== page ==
I picked this up from Stan's blog.
There's a piece in the Washington Post about using of electronic sensors to taste food and drink.
A Japanese group, for example, has developed a "Health and Food Advice" robot that can identify and distingush among various wines, cheeses, and breads. (And apparently warn its owners not to eat unhealthy food. In which case, I'm not interested. The damn thing probably hates pate.) Presumably it's possible to create a device that can also "taste" and identify flavors in beer.
Anyway, apparently robotic devices some American slaughterhouses are testing these electronic devices, using them to sort and grade sides of beef in accordance with federal standards.
I need to think about this some more, but that's fascinating. The meatpacking industry serves up some of the nation's most unpleasant jobs -- there's a reason illegal immigrants end up there; no one else wants these jobs, which are low-paying, foul, and dangerous -- but it's also the kind of work that is hard to mechanize.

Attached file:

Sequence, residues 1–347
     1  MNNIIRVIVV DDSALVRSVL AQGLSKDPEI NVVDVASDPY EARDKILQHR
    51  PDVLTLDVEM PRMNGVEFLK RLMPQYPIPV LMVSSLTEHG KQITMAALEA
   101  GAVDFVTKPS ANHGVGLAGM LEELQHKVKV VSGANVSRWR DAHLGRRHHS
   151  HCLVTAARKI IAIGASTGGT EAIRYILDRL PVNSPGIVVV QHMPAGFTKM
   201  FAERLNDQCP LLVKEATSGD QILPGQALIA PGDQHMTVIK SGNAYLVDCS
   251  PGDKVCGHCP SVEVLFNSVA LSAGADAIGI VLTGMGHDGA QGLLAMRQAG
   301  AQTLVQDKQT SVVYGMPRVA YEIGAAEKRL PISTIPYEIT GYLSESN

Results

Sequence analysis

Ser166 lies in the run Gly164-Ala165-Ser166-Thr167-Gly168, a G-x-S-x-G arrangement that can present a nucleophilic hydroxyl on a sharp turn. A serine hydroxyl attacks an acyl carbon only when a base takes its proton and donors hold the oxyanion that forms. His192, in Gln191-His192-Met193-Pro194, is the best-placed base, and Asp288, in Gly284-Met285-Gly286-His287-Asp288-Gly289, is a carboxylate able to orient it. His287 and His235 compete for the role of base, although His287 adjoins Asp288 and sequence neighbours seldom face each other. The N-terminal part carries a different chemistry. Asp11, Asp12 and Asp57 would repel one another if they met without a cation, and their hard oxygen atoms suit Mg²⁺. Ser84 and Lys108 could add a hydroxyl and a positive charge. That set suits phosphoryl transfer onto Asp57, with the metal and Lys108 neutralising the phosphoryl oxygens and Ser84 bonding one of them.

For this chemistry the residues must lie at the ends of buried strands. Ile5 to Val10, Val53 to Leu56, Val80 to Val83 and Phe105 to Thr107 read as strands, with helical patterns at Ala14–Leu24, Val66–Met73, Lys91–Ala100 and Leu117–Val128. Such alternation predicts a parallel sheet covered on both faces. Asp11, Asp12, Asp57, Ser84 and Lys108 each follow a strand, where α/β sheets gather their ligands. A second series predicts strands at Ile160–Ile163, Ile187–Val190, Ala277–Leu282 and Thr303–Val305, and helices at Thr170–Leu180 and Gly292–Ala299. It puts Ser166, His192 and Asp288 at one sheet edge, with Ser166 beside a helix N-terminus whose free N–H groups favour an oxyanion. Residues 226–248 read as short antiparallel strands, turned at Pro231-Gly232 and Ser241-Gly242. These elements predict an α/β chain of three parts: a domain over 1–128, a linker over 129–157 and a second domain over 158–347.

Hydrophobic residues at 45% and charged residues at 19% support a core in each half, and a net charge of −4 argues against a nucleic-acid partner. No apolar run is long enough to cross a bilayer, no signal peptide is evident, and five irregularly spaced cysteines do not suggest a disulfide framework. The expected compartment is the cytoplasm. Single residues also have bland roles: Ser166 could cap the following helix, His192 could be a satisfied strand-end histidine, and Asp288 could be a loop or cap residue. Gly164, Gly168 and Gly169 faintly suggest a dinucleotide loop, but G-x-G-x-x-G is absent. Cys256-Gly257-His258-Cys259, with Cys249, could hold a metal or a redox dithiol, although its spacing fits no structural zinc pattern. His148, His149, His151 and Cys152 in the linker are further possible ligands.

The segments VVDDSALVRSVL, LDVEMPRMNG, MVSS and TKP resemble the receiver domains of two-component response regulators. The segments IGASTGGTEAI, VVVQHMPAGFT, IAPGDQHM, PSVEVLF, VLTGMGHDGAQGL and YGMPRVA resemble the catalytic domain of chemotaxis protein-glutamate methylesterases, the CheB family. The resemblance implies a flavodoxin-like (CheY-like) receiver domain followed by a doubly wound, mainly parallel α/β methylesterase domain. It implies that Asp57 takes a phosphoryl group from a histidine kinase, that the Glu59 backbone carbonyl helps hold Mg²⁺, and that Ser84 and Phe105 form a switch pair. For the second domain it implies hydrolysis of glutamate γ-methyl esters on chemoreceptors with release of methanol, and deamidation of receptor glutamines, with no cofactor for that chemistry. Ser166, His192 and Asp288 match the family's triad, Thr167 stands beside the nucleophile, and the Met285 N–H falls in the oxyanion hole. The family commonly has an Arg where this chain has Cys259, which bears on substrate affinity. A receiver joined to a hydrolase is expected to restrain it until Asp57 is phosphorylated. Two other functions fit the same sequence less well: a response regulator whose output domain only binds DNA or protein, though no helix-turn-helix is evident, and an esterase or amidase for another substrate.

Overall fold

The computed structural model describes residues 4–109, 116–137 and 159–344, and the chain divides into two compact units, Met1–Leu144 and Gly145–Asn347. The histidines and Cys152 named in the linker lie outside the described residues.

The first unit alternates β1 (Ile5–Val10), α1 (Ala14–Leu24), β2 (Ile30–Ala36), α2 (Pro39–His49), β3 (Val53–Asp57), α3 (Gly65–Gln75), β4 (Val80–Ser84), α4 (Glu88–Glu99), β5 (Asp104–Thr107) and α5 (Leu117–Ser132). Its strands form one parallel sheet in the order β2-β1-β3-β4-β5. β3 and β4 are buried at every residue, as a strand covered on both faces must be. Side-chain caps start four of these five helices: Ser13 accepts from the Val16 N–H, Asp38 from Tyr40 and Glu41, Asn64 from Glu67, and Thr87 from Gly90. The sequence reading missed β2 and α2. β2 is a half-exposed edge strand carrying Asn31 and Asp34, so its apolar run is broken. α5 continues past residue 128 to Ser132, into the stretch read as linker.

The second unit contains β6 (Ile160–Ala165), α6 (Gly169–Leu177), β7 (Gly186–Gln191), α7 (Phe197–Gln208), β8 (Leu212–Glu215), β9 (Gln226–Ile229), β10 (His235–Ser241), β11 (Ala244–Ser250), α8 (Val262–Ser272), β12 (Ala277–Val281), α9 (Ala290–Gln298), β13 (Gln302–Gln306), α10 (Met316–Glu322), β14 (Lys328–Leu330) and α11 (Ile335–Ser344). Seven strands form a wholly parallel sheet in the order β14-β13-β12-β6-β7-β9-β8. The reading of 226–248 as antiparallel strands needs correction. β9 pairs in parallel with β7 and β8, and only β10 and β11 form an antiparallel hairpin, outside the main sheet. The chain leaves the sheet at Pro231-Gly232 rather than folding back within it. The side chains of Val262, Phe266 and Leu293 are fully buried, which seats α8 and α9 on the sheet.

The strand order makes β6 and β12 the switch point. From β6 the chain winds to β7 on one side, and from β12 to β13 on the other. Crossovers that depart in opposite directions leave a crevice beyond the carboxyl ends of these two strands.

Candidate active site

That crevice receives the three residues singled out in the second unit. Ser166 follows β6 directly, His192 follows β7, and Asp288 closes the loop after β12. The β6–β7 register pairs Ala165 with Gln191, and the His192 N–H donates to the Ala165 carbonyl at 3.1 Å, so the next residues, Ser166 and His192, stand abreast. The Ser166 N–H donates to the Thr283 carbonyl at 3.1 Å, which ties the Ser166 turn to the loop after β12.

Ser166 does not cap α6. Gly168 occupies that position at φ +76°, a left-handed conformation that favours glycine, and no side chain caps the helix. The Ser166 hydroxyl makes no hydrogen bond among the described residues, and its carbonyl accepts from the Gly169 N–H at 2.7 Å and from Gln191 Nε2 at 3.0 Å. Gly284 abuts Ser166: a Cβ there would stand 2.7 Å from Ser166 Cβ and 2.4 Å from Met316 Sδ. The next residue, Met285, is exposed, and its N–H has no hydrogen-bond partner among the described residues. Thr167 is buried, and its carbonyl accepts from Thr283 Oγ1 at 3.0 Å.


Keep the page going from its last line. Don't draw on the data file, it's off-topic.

If packinghouse owners could use sensors to grade meat, or even distinguish tainted from safe meat, well, that's probably a good thing. Maybe the brains behind these "robots" could also figure out how to slaughter and butcher cattle and pigs, eliminating human labor altogether.
Yes, okay, the economy needs jobs. But packinghouse work is truly the bottom of the employment ladder.
People only work in packinghouses when there's no alternative.
On the other hand, well, taking humans out of the equation only adds to the already vast distance between we Americans and our food. Soooooo........ maybe not so good.
As I say, I need to think about it. But hey, I'm writing a book about the history of meat in America. I might as well keep thinking about it. If I have any brilliant insight, I'll pass it along.